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Situational awareness: Shares for Sprint were rising in early market trading after it reported Q2 earnings and revenue that were better than analyst expectations. But, as CNET points out, it also revealed a slight slowdown in numbers of customers as it awaits T-Mobile's takeover.
Tim Cook at Apple's event. Photo: Apple
Apple used its Brooklyn event yesterday to offer significant updates to its iPad Pro, Mac Mini and MacBook Air lines, helping round out its product lineup for the holidays.
What's new: In revamping the Mac Mini and MacBook Air, Apple breathed new life into 2 popular product lines that had suffered from not seeing significant refreshes in some time.
The big picture: Beyond the specific updates, we noticed three larger trends...
1. Things are getting more expensive
2. Apple is betting big on USB-C
3. Recycle, recycle, recycle
Rich DeVaul. Photo: Alphabet
There was more fallout last night as Google continues to respond to criticism of its past handling of sexual harassment issues.
Why it matters: Google has come under fire for paying large severance packages or continuing to employ those found to have engaged in improper conduct.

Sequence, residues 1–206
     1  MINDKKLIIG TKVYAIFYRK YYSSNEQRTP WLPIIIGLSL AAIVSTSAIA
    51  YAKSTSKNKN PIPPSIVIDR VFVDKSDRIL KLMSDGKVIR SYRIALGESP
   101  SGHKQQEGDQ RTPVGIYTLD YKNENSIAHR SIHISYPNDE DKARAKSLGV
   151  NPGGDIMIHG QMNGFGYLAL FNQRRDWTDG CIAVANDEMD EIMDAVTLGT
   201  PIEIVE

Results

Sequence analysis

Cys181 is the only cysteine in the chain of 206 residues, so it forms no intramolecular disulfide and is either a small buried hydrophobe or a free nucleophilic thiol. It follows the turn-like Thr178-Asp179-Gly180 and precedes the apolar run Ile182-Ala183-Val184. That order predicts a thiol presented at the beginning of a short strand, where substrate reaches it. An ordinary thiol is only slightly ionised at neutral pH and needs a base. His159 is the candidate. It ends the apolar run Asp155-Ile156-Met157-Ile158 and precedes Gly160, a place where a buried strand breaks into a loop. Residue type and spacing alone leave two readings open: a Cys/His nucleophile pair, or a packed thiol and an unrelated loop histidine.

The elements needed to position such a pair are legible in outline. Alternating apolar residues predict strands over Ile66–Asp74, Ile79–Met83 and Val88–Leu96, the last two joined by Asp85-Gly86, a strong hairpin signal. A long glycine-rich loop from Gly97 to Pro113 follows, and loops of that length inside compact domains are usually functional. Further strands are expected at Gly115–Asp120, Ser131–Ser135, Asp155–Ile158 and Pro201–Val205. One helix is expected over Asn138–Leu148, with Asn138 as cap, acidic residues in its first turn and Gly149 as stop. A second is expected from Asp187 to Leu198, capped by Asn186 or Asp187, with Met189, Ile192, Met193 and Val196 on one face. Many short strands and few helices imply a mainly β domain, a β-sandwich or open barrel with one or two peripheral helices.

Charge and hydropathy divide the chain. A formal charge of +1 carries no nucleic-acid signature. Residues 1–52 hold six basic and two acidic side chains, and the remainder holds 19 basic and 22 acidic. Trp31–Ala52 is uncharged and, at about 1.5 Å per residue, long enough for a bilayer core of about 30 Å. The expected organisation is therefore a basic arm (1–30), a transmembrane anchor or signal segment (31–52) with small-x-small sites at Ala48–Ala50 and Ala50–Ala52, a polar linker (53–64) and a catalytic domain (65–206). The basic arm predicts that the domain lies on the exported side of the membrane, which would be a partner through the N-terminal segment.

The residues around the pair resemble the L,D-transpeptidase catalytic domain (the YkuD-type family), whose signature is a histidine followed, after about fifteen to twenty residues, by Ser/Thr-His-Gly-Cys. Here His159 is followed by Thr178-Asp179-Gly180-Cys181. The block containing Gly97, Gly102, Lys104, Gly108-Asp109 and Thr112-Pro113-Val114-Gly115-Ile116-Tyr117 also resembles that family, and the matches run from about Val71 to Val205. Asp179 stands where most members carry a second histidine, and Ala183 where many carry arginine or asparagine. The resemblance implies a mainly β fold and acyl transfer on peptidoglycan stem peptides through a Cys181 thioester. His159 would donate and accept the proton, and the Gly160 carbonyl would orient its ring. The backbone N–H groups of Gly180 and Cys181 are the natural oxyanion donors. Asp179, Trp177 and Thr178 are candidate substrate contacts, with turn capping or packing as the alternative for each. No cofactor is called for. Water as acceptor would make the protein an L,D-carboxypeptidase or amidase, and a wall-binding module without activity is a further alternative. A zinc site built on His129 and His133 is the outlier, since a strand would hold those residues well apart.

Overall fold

Our thought bubble: Pichai is in a precarious position. He's clearly trying to draw a contrast between himself and prior top Google executives who have not handled incidents of sexual misconduct properly.
Photo: Thomas Trutschel/Photothek via Getty Images
Facebook CEO Mark Zuckerberg warned Tuesday that the company is in for another bumpy transition as it changes its apps so that feeds share the spotlight with "stories."
"Revenue growth may be slower in that period just as it was when we transitioned to mobile.”— Mark Zuckerberg on call with reporters
Details: Zuckerberg gave that revenue growth warning to investors yesterday on a call to discuss the company's 2018 Q3 earnings. He also discussed Facebook's move to Snapchat-style stories, which he called "the future."
Read more of Axios' Kia Kokalitcheva's full story on Facebook's conference call.
Separately, Facebook confirmed yesterday it's banning far-right extremist group The Proud Boys from its services, citing a policy against hate groups.
Robots at Beijing International Consumer Electronics Expo. Photo: Zhang Peng/LightRocket via Getty Images.
A public interest group is calling for a new federal authority to oversee how the government approaches artificial intelligence technologies as they become central to the economy.
Driving the news: In a paper released today, Public Knowledge lays out a proposal for a new government body that would work with existing sector-specific regulators on common questions and fill in gaps in agencies' AI expertise.
Why it matters: Autonomous machines are gaining footholds in our daily lives and across industries, but there's no clear or consistent approach to governing AI and the policy challenges that are already starting to emerge.
Go deeper: Axios' Kim Hart has more here.
Now that is a frightening jack-o'-lantern. Happy Halloween and may all your devices be charged.